In real-estate terms, a fixer-upper is a property that will require significant renovations, reconstructions or redesigns.
Is a fixer-upper a bargain brimming with potential? Or should it be avoided like the plague? It really depends on a number of factors, including a potential home buyer's personality.
Often people buy a fixer-up home for the location. They're determined to be in a particular area or neighbourhood and if that means having to fix up the home, that's part of the deal.
So what kind of a buyer would think of purchasing a home that needs a lot of work?
Older people aren't typically buying fixer-uppers neither a first-time home buyer because they've already taken on so much. [Fixer uppers] are expensive and you can't often finance a renovation. You have to pay for it out of pocket. Typically it's a second-time or third-time home buyer, someone in their early 30s, mid-30s or early 40s – and who has a little experience with fixer-uppers.
Buying a home to renovate gives people an opportunity to create “designed equity” – a customized ability to add value to a home while getting exactly what they want in the home itself.
The types of buyers that I typically see ranges from people looking for an affordable deal and a project they can sink their teeth into (in an effort to build their “forever home”) to seasoned investors seeking poorly-maintained properties, aiming to create value for both investors and tenants.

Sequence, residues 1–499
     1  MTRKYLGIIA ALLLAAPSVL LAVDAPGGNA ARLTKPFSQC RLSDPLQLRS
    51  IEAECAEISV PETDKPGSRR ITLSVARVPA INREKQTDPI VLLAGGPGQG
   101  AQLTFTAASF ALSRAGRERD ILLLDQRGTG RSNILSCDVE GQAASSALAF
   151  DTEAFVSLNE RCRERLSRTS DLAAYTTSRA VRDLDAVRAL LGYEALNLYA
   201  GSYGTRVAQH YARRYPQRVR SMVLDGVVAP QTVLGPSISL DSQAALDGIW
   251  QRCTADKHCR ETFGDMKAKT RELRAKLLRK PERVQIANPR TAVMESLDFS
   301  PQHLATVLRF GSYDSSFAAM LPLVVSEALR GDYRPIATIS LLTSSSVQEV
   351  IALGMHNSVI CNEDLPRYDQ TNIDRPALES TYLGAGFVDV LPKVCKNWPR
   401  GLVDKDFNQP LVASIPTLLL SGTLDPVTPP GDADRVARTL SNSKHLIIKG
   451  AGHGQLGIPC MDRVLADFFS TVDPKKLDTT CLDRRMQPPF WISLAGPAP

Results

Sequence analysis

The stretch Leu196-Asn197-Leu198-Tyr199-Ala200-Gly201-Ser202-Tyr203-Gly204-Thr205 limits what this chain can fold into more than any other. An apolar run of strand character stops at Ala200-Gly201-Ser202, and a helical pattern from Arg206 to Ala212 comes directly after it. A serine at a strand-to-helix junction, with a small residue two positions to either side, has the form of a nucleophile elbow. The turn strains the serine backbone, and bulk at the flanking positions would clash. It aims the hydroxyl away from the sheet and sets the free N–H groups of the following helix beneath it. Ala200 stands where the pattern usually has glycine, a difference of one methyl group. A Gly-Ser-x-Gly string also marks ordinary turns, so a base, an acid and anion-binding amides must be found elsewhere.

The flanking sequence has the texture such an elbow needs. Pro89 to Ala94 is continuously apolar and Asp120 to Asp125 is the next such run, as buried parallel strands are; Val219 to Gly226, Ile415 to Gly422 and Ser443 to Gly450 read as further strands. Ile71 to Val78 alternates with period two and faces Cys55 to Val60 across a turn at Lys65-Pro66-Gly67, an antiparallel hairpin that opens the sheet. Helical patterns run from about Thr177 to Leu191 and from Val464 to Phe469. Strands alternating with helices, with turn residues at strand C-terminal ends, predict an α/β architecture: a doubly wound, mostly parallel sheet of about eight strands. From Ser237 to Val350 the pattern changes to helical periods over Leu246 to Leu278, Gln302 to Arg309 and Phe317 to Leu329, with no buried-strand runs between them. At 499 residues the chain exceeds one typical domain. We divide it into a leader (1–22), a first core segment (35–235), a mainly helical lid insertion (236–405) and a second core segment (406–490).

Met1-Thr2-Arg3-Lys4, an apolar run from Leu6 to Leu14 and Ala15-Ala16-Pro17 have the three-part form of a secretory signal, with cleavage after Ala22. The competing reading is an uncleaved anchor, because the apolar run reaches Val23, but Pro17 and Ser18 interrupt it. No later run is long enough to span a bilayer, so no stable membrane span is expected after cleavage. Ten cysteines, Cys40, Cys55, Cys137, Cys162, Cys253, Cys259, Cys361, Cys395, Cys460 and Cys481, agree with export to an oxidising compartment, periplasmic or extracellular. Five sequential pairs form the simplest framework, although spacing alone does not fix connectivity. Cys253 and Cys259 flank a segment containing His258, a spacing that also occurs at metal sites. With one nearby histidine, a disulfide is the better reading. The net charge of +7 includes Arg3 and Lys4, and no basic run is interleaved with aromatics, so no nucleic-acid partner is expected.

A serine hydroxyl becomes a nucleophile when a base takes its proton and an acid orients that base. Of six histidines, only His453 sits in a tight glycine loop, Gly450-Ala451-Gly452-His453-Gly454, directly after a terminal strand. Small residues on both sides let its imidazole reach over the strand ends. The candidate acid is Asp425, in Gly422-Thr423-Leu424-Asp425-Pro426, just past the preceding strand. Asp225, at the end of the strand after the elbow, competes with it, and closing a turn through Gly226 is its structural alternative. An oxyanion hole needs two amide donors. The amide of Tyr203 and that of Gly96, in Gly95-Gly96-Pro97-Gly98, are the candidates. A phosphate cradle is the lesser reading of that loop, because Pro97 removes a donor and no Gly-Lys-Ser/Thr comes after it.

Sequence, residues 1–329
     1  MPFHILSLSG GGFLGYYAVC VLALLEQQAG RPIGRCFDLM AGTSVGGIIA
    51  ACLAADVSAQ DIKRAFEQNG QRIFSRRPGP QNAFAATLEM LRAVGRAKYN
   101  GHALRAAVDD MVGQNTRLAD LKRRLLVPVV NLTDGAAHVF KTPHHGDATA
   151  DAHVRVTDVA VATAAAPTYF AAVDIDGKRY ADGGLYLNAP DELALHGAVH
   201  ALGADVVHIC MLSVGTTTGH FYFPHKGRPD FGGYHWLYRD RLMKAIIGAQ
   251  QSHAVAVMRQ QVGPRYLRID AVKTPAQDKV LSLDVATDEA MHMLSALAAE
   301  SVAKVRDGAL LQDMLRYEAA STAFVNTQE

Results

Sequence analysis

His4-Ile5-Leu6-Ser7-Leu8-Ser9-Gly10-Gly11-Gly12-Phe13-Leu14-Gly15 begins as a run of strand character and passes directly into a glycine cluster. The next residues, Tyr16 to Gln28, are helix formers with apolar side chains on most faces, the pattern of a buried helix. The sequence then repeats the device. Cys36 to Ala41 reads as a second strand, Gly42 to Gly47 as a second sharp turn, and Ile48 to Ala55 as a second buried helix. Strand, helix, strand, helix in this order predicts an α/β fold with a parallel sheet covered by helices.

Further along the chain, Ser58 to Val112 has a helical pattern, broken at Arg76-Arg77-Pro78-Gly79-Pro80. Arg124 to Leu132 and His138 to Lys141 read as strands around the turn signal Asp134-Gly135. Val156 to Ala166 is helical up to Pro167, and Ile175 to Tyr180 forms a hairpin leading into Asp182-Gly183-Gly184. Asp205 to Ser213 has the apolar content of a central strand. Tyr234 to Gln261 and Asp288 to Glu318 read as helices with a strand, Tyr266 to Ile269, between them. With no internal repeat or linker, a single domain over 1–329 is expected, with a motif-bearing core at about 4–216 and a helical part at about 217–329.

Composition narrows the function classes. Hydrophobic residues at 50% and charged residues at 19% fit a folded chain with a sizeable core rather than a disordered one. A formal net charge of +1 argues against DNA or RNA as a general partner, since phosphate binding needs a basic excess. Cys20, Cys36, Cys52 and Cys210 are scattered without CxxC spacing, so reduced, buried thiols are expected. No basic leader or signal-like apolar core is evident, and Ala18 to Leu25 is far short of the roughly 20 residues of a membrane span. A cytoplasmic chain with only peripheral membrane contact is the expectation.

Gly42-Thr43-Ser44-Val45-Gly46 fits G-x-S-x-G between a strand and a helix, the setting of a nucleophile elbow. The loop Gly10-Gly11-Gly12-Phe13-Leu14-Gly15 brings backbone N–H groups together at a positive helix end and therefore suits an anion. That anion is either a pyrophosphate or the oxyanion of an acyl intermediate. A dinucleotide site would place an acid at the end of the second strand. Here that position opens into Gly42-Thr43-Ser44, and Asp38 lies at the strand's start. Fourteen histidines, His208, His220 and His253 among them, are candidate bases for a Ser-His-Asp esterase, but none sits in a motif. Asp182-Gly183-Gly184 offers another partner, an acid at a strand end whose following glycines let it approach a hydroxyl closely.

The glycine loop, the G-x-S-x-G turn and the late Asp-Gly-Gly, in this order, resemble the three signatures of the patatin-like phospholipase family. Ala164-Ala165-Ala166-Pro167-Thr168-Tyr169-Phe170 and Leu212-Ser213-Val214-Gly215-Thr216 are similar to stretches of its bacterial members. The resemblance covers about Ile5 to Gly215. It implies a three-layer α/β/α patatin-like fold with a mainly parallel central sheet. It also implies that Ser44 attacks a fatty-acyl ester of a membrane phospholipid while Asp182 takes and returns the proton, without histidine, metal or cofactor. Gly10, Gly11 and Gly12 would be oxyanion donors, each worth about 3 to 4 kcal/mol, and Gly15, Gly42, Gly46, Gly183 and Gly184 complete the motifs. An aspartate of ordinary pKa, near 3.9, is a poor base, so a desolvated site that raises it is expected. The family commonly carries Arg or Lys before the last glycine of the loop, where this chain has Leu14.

Home buyers need to consider their time, money and knowledge when tackling a renovation. Is the time and money involved in fixing up a home worth it in the end?
And of course, there are hazards to be wary of, like taking on a project that is too large or beyond your comfort or expertise. There are also hidden concerns, such as asbestos or structural issues. Potential buyers will also need to do their due diligence in advance on municipal regulations around permitting.
Coming up with a budget and sticking to it can also present an issue if needed repairs start to get out of hand. And then, of course, there's the project management side of things. Do you hire a contractor or do you manage contractors and trades yourself?
If you're hiring trades for everything, it can be a challenge to coordinate if you've never done it before. The key for people intent on buying a fixer-upper is finding the right neighbourhood and planning for as much as you can – budget, list of repairs, professionals to rely on, permits – in advance. If you find the right location and the home has features you like and good bones so to speak, then it makes sense.